DEFIANCE, Ohio -– As the Election Day countdown neared single-digit territory Thursday, President Barack Obama and challenger Mitt Romney continued their furious pace of campaigning in swing states, with both finding positive news in polls and each ending the day with a dramatic night-time rally.
It's hard to see how this race could get any tighter.
Here in northwest Ohio, Romney held his third rally of the day in the key Buckeye State -– where the presidency looks likely to be decided -– with 12,000 supporters at the local high school football stadium.
"We're gonna win guys, we're gonna win," Romney said as he walked on stage, after a number of musicians, including Big and Rich, Randy Owen of Alabama, and Meat Loaf played for the crowd.
Teenagers from the high school flirted in the end zone at the back of the crowd, and local shops hawked barbecue and ice cream from portable trailers. Meat Loaf implored the crowd: "Get out there and you argue with your relatives, you argue with your neighbors, you get in fights over politics and religion, because we need Ohio!"
"Keep rocking, and Mitt Romney!" he yelled.
Sen. Rob Portman (R-Ohio) used the setting as inspiration for a sports analogy.
"We're in the red zone. We can't afford not to leave everything on the field in the last 12 days of this election," said Portman, who has become a trusted Romney adviser.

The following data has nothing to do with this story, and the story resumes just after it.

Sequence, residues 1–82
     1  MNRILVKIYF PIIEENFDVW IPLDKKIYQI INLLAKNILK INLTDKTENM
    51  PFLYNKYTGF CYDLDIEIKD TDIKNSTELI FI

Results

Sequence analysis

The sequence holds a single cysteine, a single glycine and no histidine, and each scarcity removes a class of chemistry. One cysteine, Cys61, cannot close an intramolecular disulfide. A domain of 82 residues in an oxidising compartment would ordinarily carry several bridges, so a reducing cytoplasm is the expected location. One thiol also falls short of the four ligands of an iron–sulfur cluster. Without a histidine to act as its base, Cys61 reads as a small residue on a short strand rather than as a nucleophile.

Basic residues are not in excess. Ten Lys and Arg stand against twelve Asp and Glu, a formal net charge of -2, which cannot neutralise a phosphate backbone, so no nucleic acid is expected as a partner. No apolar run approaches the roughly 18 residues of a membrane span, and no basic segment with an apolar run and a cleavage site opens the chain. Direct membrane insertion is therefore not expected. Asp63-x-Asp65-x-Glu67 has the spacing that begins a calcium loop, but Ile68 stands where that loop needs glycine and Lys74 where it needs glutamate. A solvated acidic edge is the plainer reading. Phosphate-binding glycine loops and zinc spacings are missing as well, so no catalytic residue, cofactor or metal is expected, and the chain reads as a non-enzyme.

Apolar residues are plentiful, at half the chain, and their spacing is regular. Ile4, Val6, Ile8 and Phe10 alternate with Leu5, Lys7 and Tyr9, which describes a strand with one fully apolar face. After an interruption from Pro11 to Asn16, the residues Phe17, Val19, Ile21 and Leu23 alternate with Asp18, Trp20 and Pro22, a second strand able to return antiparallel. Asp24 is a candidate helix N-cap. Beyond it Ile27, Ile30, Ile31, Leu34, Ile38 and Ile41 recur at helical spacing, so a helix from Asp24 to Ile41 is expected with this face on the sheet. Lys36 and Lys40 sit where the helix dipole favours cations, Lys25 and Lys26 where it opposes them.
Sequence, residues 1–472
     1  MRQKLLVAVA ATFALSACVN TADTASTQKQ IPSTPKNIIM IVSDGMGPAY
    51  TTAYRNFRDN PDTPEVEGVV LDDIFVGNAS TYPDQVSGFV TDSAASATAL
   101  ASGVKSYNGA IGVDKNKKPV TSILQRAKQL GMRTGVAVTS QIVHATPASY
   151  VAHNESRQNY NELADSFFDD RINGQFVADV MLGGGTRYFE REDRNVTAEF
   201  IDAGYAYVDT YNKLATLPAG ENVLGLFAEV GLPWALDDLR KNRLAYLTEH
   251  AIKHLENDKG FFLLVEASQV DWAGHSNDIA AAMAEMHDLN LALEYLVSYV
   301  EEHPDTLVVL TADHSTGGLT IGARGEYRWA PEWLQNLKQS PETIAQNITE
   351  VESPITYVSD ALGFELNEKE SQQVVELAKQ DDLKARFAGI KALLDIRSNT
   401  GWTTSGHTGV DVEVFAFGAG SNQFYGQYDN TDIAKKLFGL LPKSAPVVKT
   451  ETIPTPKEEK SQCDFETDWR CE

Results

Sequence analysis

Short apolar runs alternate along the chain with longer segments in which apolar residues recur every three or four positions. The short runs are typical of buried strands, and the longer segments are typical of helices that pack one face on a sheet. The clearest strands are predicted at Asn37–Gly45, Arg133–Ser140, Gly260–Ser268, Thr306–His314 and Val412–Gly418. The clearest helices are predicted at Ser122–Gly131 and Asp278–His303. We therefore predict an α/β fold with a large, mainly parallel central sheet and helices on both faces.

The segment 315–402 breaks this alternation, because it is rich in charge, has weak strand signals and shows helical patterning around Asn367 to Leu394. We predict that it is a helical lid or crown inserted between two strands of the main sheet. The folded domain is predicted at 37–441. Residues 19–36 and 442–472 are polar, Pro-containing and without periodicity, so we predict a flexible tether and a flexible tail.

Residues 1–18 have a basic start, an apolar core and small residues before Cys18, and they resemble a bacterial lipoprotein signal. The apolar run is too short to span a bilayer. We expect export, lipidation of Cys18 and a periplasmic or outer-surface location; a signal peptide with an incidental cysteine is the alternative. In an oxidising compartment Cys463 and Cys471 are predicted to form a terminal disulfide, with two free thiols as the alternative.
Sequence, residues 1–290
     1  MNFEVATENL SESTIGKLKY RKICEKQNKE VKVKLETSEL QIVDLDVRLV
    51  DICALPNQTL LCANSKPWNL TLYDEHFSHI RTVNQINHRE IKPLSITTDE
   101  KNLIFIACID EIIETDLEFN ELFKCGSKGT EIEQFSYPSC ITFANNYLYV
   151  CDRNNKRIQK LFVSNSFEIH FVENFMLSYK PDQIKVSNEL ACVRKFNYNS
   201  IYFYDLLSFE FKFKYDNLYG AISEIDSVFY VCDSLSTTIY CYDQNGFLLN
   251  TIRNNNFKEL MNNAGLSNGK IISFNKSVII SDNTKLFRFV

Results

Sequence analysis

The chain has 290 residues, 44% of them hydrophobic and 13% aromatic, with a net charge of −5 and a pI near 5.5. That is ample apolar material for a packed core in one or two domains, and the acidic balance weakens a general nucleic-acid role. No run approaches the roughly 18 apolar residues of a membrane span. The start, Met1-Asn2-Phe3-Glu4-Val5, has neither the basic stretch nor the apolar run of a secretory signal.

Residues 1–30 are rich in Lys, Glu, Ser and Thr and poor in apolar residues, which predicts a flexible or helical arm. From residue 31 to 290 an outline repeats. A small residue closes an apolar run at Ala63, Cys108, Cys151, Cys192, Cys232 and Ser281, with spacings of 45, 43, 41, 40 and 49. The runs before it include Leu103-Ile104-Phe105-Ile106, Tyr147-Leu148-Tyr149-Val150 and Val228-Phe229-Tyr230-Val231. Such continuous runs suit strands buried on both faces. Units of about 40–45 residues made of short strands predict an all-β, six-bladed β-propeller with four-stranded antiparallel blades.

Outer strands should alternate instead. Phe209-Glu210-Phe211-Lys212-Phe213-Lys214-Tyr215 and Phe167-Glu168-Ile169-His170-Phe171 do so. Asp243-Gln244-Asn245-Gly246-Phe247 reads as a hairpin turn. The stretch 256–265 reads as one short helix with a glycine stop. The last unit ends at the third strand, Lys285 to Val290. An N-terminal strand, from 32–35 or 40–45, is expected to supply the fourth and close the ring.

On the other side of the state, Obama rallied 12,000 supporters of his own in Cleveland, inside Cuyahoga County, where he defeated Sen. John McCain (R-Ariz.) by 260,000 votes in 2008.
Air Force One landed at Cleveland Burke Lakefront Airport, and pulled right up to the massive crowd, depositing the president down the steps to huge cheers.
"We've got a long way to go, but Ohio, we've come too far to turn back now," Obama told the crowd, his voice raspy from speaking at two rallies earlier in the day and three the day before that.
"Even though my voice is getting kind of hoarse, I've still got a spring in my step," Obama said. "Because our cause is right. Because we're fighting for the future."
Romney introduced a new buzzword into his stump speech, telling crowds in the Cincinnati and Columbus suburbs, and then Defiance, that he and running mate Rep. Paul Ryan (R-Wis.), represent "big change" for the country.